” And what will explain to thee what the Night of Power is?; The Night of Power is better than a thousand months.” (Al-Qur’an 97:2-3)Allah (SWT) is emphasizing by putting the second verse in question form. The answer being no one knows, or comprehends, the awesomeness and the depth of honor of the night. As if to say whatever merits Allah informs you about the night is just nothing compared to the things you have no idea about.
Nonetheless, He mentions three honors in the credit of the night: 1.”The Night is better than a thousand months. 2. “Therein, come down the angels…” and 3. “Peace!”

“The Night of Power is better than a thousand months”. This indicates that acts of worship such as prayer, charity, and recitation done on this night are better in reward than the same act done on other nights. The rewards (Thawaab) are being multiplied several-fold.
Imam Malik reported that the Messenger of Allah (PBUH) was shown the long life span of people of previous nations, so the Prophet bemoaned the shortness of the life span of the Ummah, fearing that they might not be able to save many good deeds for the Hereafter. Therefore, Allah gave him the Night of Power to compensate for their lack of longevity. Hence, the devoted believer has as chance of adding 80 something years of worship to his life on the Night of Power. You see, for instance, if you worship Allah on this night every year for 65 years, by multiplying 65 by 80, you would have lived for 5,200 years, or achieved the reward of a person who lived that long.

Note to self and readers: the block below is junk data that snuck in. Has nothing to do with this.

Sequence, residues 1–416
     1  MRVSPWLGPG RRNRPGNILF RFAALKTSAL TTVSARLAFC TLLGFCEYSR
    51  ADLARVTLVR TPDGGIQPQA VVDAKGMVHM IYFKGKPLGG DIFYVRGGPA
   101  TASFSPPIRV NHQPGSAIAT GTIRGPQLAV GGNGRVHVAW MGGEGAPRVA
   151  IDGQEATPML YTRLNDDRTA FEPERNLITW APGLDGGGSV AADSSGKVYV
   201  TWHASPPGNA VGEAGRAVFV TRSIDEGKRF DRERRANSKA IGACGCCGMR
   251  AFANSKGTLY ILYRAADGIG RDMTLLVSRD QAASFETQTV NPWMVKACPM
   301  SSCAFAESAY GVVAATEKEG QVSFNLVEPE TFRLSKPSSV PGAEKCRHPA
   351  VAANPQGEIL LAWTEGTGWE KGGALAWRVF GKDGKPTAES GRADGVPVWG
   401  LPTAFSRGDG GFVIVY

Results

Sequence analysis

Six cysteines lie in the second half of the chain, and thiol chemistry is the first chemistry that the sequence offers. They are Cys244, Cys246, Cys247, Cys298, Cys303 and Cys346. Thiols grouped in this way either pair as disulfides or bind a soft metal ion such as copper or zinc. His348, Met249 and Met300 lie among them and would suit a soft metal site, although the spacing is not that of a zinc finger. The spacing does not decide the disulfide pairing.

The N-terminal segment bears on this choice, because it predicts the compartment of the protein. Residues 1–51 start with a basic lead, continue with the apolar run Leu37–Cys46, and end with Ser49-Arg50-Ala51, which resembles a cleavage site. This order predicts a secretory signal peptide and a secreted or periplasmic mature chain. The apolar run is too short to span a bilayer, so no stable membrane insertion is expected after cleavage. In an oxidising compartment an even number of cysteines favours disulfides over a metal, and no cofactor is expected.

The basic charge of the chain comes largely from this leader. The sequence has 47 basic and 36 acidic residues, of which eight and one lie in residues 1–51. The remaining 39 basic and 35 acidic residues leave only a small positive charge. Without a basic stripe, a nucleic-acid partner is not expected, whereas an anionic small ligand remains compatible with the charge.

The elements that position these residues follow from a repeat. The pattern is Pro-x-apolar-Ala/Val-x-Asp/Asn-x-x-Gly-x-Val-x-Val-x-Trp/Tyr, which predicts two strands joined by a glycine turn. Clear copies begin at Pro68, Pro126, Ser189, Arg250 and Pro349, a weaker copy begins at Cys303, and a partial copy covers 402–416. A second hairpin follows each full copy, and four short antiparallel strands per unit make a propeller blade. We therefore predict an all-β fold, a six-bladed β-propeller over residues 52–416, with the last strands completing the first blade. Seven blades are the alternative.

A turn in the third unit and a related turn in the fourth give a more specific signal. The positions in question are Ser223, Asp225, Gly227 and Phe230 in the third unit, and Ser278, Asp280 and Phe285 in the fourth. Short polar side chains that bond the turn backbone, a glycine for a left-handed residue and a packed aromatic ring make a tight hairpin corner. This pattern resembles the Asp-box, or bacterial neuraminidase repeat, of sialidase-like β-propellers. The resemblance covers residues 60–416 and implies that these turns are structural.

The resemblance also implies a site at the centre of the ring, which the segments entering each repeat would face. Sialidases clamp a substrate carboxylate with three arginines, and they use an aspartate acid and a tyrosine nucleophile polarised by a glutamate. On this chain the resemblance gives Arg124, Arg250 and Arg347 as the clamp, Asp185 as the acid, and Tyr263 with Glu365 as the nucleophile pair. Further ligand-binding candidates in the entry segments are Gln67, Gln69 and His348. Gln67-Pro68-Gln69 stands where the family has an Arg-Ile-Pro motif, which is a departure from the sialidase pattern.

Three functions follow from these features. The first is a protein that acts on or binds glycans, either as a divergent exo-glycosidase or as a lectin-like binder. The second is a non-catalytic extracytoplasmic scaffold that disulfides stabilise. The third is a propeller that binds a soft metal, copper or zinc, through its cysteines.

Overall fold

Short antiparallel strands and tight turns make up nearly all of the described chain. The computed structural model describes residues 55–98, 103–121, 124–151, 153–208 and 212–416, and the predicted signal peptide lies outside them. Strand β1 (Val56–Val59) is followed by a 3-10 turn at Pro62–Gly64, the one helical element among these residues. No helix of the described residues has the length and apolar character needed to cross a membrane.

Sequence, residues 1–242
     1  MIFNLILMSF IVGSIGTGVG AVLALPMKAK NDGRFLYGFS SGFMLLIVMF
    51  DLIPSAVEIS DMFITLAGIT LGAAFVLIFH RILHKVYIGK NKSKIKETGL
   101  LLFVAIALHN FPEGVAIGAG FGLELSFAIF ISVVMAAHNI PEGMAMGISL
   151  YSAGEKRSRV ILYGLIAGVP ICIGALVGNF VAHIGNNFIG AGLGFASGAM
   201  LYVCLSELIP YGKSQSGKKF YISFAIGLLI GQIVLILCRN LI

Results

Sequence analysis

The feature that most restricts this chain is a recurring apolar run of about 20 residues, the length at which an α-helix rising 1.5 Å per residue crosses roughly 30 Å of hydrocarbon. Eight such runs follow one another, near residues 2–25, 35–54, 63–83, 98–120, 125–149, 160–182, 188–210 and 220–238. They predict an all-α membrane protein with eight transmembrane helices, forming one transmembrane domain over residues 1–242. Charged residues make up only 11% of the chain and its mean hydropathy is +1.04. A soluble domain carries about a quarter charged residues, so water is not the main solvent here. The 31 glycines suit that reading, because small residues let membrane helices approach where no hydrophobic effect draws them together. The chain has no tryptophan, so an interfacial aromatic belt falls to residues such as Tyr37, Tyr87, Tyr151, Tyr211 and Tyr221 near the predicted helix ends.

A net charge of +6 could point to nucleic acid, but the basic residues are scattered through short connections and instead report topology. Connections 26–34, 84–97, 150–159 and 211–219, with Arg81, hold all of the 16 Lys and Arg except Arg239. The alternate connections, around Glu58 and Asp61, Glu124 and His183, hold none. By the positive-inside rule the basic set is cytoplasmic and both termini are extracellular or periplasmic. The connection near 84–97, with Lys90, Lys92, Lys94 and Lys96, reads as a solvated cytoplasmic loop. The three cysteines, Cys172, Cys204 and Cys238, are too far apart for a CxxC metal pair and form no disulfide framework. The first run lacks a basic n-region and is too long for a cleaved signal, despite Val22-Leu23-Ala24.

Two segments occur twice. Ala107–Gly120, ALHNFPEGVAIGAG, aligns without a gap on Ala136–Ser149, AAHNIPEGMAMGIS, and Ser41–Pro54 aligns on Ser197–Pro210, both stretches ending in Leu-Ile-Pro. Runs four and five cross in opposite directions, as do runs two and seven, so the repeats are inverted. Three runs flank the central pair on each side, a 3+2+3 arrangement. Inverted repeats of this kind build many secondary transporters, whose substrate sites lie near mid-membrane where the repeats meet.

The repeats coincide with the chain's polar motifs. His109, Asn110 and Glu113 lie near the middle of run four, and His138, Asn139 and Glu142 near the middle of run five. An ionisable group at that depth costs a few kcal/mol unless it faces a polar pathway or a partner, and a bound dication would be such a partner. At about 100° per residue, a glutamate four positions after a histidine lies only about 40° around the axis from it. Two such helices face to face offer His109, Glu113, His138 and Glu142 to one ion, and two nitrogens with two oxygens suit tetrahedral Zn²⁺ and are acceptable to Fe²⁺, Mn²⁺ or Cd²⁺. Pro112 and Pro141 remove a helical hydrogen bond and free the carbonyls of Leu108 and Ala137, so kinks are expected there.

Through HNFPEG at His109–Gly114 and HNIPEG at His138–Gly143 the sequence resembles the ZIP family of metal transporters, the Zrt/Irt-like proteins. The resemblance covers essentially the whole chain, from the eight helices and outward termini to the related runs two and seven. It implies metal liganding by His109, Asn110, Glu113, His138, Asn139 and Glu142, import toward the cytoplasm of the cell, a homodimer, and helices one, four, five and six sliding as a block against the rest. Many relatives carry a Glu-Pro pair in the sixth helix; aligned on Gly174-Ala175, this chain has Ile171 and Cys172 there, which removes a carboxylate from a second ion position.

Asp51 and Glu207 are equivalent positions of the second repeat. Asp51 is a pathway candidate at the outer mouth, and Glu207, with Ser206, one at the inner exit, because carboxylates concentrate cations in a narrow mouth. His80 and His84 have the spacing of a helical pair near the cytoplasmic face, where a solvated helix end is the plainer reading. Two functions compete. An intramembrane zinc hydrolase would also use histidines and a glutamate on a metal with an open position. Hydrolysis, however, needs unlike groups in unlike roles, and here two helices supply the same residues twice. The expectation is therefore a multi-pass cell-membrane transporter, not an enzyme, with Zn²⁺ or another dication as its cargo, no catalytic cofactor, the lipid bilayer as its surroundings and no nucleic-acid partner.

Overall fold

You can see why the devotions were highly encouraged by the Prophet. Indeed, you can achieve the honor of the Night of Power if you so wish by spending the odd nights of the last ten days in acts of worship.
“Therein, come down the angels and the Spirit by Allah’s permission, on every errand.” (Al-Qur’an 97:4) This is far from the earlier cry of the angels who, when Allah told them, “…I will create a vicegerent on earth,” they said, “Will you place therein one who will make mischief therein and shed blood?…” (Al-Qur’an, 2:30)
You see, when the angels first looked at our spirit with its traits of mischief, vanity and desires, and the rages of anger, they, the embodiment of all that is good, did not like us at all. That explains their response in the above verse. So is the case with parents, when they first conceptualize the shape of the offspring, semen and congealed blood; they do not like it. They will even wash their hands, clothes and everything that this substance touches, a gruesome thing. They may even think about aborting the baby in the beginning. But after the baby is being fashioned in the most beautiful shape and they feel the movement of life, they change from dislike to caring love.
That is seemingly what happened to the angels. When they saw in us this beautiful spirit of knowing the Creator, and worshipping Allah alone, they hanged from dislike to complete love, and cannot wait for another Night of Power to come down so they can pray for us. Allah states: “…And they implore forgiveness for those who believe…” (Al-Qur’an, 40:7)
He used the form (Tanazzal) “They come”, to indicate that the angels descend on the Night of Power, group after group; some coming down to earth while others ascend into the heaven. This heavenly, angelic organized traffic of good will continues until the break of dawn.
As for the reasons why they come, there are several explanations including:
(1) they descend to witness how we worship and obey Allah, and (2) to show their deep love for the believers. This is why they seek permission from Allah to come and meet us. This is a once-a-year opportunity they do not like to miss.
(3) Allah promised the believers that in the hereafter, angels will approach on them with greetings: “…And the angels shall enter into them from every gate (with the salutation): Peace be unto you for that you persevered in patience…”

Why the name, the Night of Power?